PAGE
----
Beer Nerd Details: 6.66% ABV bottled (375 ml caged and corked). Drank out of a goblet on 6/1/13. Vintage 2013 A (I think, date on the bottle kinda got smudged)

I will say, this was a bit pricey. I generally expect that from Lost Abbey, but I've heard it can be found for sub-$10 in some places, which would be a bargain. Not sure if it was just a bottle shop markup or what... Legit beer though, especially if you like those Bretty saisons/pales.

April Beer Club

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In the Beer Justice System the people are represented by two separate, yet equally important groups. The drinkers who investigate crime and the District Attorneys who prosecute the offenders. They meet once a month at a local BYOB to sample beers. These are their stories:

beerclub-april13.jpg

The following notes, compiled by our resident stenographer, should be taken with a grain of salt as I'm pretty sure the stenographer was also drunk (as evidence, well, the stenographer was me). In order of drinking (not in order of picture, and sadly, we didn't get to all beers in the picture either):

  • Starr Hill The Love - A pretty straightforward but enjoyable hefeweizen. Super carbonated, overwhelming head, but a nice banana/clove weizen yeast character, highly drinkable stuff. B
  • The Captain's Brew House All American - This is actually a buddy's homebrew, and I arrived a bit late, so I only really got to try the yeasty dregs of the bottle, but it seemed pretty darn good - easily the equal of the previous beer. Would like to try it fresh sometime. Still, truly a beer worthy of Captain America (i.e. the namesake of my buddy's home brewery).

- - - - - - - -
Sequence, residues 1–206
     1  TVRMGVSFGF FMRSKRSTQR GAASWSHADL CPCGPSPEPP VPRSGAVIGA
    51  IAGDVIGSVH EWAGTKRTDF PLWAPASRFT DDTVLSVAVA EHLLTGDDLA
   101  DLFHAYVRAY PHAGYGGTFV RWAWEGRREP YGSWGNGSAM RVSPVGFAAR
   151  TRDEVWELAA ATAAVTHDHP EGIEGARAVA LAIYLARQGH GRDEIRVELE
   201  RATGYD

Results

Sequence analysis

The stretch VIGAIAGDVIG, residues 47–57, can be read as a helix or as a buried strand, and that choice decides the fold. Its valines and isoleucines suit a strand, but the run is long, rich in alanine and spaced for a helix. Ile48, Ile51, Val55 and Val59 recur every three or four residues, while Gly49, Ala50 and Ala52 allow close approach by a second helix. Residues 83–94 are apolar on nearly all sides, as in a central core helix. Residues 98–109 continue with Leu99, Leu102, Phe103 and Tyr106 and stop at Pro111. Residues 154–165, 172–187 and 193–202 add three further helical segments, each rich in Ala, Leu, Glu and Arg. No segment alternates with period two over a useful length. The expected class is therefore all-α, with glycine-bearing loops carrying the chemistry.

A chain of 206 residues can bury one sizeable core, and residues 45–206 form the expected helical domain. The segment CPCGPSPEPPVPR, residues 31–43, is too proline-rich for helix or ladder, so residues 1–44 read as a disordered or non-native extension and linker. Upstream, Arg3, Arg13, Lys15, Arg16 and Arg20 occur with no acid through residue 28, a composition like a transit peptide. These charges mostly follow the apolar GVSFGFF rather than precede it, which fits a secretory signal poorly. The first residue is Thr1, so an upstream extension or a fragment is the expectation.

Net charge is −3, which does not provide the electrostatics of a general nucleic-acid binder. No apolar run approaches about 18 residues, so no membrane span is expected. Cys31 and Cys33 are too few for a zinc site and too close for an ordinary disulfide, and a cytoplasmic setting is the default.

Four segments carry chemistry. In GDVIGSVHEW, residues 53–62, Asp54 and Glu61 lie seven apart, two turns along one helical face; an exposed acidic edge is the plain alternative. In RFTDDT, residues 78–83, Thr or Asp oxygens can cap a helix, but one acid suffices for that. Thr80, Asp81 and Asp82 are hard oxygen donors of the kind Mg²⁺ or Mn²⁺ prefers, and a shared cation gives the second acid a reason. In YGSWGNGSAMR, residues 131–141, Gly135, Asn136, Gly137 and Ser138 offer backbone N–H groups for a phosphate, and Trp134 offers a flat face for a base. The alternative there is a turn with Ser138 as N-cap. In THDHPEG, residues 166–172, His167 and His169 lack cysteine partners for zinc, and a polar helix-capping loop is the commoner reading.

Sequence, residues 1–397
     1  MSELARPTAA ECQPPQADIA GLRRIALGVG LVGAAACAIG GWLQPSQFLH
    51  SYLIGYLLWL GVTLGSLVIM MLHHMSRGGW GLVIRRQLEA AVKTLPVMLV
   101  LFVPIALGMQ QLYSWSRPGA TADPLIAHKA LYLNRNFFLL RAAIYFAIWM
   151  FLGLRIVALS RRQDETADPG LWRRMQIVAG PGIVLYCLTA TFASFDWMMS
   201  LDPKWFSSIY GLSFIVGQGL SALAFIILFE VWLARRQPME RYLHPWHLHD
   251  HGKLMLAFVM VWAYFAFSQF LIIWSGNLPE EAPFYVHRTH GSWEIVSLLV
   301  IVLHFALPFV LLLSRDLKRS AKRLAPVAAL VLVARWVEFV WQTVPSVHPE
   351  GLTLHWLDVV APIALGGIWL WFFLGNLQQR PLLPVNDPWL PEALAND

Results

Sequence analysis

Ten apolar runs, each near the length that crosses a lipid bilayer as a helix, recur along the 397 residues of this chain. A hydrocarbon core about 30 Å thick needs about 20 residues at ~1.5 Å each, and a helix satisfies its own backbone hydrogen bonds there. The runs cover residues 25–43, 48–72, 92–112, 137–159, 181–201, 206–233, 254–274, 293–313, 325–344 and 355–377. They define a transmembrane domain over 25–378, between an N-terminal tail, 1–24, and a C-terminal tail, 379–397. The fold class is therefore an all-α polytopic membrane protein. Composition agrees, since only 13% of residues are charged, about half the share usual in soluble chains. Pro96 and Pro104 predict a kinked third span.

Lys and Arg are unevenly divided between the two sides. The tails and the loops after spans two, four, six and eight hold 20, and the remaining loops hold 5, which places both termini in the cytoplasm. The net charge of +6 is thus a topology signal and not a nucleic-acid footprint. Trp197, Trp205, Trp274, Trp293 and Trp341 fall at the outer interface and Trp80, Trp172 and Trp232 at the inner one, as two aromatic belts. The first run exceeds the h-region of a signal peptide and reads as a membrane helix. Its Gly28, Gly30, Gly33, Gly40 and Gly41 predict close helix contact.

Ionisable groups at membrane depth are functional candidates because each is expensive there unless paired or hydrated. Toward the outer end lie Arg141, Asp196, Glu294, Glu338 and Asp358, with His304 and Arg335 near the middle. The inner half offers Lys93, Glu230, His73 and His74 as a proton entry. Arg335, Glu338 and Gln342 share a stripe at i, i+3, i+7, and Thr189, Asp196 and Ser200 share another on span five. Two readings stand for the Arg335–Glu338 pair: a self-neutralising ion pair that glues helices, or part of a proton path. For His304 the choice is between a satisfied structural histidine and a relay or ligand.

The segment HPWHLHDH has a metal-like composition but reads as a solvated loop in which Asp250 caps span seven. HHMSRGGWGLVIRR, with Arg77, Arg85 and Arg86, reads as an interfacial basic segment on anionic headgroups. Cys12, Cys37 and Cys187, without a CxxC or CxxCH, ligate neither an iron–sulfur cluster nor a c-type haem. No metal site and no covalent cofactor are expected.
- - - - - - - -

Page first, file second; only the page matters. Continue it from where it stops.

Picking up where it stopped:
• Ommegang Hennepin - You know, I've mentioned this beer numerous times on the blog, but I've never actually reviewed it. It's a really nice beer, one of my favorites, the beer that introduced me to the world of good beer. Nice Belgian yeast character, light, crisp, refreshing, quaffable stuff. I might be into chasing more funky varieties of saison these days, but it's always fun to revisit this beer and it holds a special place in my heart. A
  • Ommegang Rare Vos - The slightly maltier sibling of Hennepin, I also love this beer (which, yes, I've actually reviewed before), one of those beers that is also probably impacted by nostalgia for me, but it's just as good as ever. A